Benji Reyes: Exquisite reverence for wood
“Kahabinet – Butlig”

Benji Reyes: Exquisite reverence for wood

KRIPOTKIN - Alfred A. Yuson (The Philippine Star) - June 3, 2019 - 12:00am

There’s no cover, just a thick white cardboard followed by several more sheets of blank white paper, before the first two color pages feature sample works by the subject, then the title page: Benji Reyes Works. Hand-sewn, without a cover spine, the 208-page coffee-table book is published by ABS-CBN Publishing Inc.

As a long-time Benji Reyes fan, I’m gratified that a book has finally come out to give tribute to his art and life. It’s a special treat just to see all these photographs of his exquisite creations. 

The last time I saw some of these pieces in stunning display was during Benji’s solo exhibit billed as “Kolektor Series II: 3 Decades of Woodworking” in 2012 at Eastwood Mall.

And I’ve always felt in awe over the evolution of this admirable artist, who’s remained so humble and soft-spoken, a certified family man who also generously nurtures a group of craftsmen understudies he continues to mentor and with whom he shares his creative practice. 

I hope I don’t jinx him, but I’d certainly plug for him as a prospective National Artist for Sculpture — this despite the undeniable presence of many other outstanding contemporary artists in that field.


Sometimes I still dream, too, of how it may not yet be too late for a career change, and I could become a successful politician or rock star — so I could have the kind of art furniture that has Reyes’ signature. Better than that, I could fund a beach resort where all the structures, cabanas, fittings and décor have come to life from his sketchbooks and hands.

And as a powerful politico, I’d see to it that the Coconut Palace is put to use again, as a living repository of various free-form produce from his unique genius. Yes — a panoply of rocking chairs, love seats, benches, dining settings, ceiling fans, dividers, cabinets, chests, side tables, stairs with whimsical balusters, female figures, playful abstractions. 

These are what are offered in elegant page procession in this book, starting with the trophy-like abstraction titled “Ouido” of 2008, of a local wood identified as amboyna buri. Then there’s “Venus at 60” from the Tambokita Series of 1996, of dark yakal — saplungan. “Maria Makiling” of 1992 is of molave.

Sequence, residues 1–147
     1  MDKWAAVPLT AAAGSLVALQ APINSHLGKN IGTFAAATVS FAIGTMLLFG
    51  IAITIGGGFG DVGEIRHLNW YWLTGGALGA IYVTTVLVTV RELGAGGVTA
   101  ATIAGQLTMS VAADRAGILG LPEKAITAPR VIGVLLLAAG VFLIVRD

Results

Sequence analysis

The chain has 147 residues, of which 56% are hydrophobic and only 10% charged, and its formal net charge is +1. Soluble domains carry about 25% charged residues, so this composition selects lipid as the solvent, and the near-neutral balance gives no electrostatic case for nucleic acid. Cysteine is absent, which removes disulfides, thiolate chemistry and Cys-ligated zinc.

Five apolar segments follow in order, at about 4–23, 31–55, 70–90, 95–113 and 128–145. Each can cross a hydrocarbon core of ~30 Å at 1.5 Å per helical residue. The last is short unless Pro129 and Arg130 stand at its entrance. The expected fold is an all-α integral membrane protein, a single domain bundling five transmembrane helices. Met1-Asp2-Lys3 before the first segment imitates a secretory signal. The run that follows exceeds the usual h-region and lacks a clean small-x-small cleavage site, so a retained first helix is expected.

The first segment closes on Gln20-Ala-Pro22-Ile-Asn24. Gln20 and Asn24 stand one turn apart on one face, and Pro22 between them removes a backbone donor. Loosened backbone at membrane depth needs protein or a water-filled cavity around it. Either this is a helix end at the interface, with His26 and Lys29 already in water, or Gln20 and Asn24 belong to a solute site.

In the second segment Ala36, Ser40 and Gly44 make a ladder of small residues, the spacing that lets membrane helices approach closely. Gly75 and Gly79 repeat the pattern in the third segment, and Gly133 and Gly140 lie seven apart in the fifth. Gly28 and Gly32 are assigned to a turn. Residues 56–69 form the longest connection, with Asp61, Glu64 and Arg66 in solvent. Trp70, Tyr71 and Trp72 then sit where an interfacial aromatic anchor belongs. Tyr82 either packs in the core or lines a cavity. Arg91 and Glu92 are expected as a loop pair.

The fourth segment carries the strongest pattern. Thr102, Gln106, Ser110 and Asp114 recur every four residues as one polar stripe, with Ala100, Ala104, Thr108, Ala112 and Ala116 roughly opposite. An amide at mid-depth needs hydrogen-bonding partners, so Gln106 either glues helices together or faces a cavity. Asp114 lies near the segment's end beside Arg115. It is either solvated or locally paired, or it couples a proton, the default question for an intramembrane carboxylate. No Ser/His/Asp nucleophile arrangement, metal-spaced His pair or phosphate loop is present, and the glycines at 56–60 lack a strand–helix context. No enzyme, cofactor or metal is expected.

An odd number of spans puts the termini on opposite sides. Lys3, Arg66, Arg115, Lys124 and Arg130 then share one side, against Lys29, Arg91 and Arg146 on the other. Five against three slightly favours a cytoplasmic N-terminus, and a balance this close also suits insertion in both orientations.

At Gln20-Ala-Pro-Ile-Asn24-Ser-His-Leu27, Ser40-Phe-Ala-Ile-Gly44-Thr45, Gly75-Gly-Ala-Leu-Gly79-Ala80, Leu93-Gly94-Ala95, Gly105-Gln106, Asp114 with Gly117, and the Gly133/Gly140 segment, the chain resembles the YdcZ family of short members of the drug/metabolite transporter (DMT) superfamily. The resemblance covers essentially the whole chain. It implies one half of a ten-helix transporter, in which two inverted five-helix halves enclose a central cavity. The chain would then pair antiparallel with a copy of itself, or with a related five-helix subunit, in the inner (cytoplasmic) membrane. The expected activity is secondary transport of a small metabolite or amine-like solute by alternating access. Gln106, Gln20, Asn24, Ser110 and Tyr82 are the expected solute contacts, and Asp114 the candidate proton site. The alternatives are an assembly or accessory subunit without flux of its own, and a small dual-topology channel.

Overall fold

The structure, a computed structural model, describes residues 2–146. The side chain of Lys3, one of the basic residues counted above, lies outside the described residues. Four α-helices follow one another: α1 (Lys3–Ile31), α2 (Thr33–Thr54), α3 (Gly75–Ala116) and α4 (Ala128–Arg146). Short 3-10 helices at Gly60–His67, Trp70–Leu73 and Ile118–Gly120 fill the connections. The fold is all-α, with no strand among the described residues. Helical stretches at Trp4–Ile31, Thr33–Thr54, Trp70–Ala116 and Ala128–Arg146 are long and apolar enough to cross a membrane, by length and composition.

Neil Oshima’s photography honors the distinct qualities of each work with consummate decisions on when to focus intimately on details or simply to present the creation whole, at a particular angle or from a chosen viewpoint.   

The parade of forms provokes an organic vocabulary of appreciation — of lines, curves, undulations, of supple, sinewy, sensuous finessing, of butt spaces and inviting backrests and armrests, of spindly to massive legs, of spines, strips, slats, slots, spirals, grooves, mix-matching prowess with visually arresting  dowels and perfected joinery.

There are the “Salumpwet Pang Tatluhan” (premium), the 1998 “Duyan” of narra, “Tumba-Tumba” (premium) since 2013, “Bangko ni Benru” since 2007, “Silya ni Benru” since 2007, and “Habagat” of 2005, again of amboyna buri, with a curved solid backrest.  

The “Bangkusina” is followed by representational female figures — “Mag-anak” (2003) of molave and “Mag-ina” (1986) of narra. A deceptively simple round table, “Buhawi,” has a gnarled, spiraling central leg that recalls a waterspout. The coffee table “Kaba-pehan” features a raised glass top, while “Barako” has its thick top slab resting on massive angular legs.

All the pieces are appropriately named, suggesting Benji Reyes’ ludic private commentary or curtseys to loved ones, as with “Silya ni Fely” and others. A divider is named “Dibay-dibay.” The surface of “Kahabinet – Butlig” has countless small protuberances. A desk is titled “Seksing Sekretarya.” Beds are named “Antukin” and “Panaginip.”

The chess set named “Tsek Meyt” has its pawns with baldheads but curvaceous behinds, the queens evidently pregnant, and the bishops sporting what look like extravagant paunches or colostomy bags.


Such is Benji Reyes’ genius. His reverence for wood doesn’t confine itself to serious craftsmanship. Inspiration and imagination are also inclusive of irreverence.

The publisher couldn’t have chosen a better writer to provide the text that eventually comes up. Only too fittingly, Carlomar Arcangel Daoana writes “Benji Reyes: The Work of His Hands”:

“Reyes has become a byname when it comes to furniture pieces that are heart-stopping for their svelte forms. Certainly, there are other furniture makers who brand themselves as artists for making one-of-a-kind pieces, but his creative process is nourished by the sculptural impulse. One of his first creations was, in fact, ‘Mag-ina,’ an interpretation of the mother-and-child genre.

“Through his calling as a sculptor, he could create something uniquely beautiful from a medium. His medium of choice, however, concerns not the noble materials of stone and metal but something that has long served its purpose and even discarded: repurposed wood. He forged a path where there was none, creating a revolution of making something entirely new out of segunda mano — way before the word ‘sustainable’ even became a buzzword. He breathes new life to wood that could have ended up in a junk pile or as firewood in a kiln. Transformed into chairs, beds, doors, and other creations, these once discarded pieces now occupy some of the most prestigious homes in the Philippines.    

“… But Reyes is clear that his furniture has to be touched, caressed, inhabited. For every piece is made with the human form in mind — with its joints, curves, weight, and immense capacity for relaxation. Every piece of Reyes is like a puzzle waiting for the body. When they meet in the moment of contact, they become one.”

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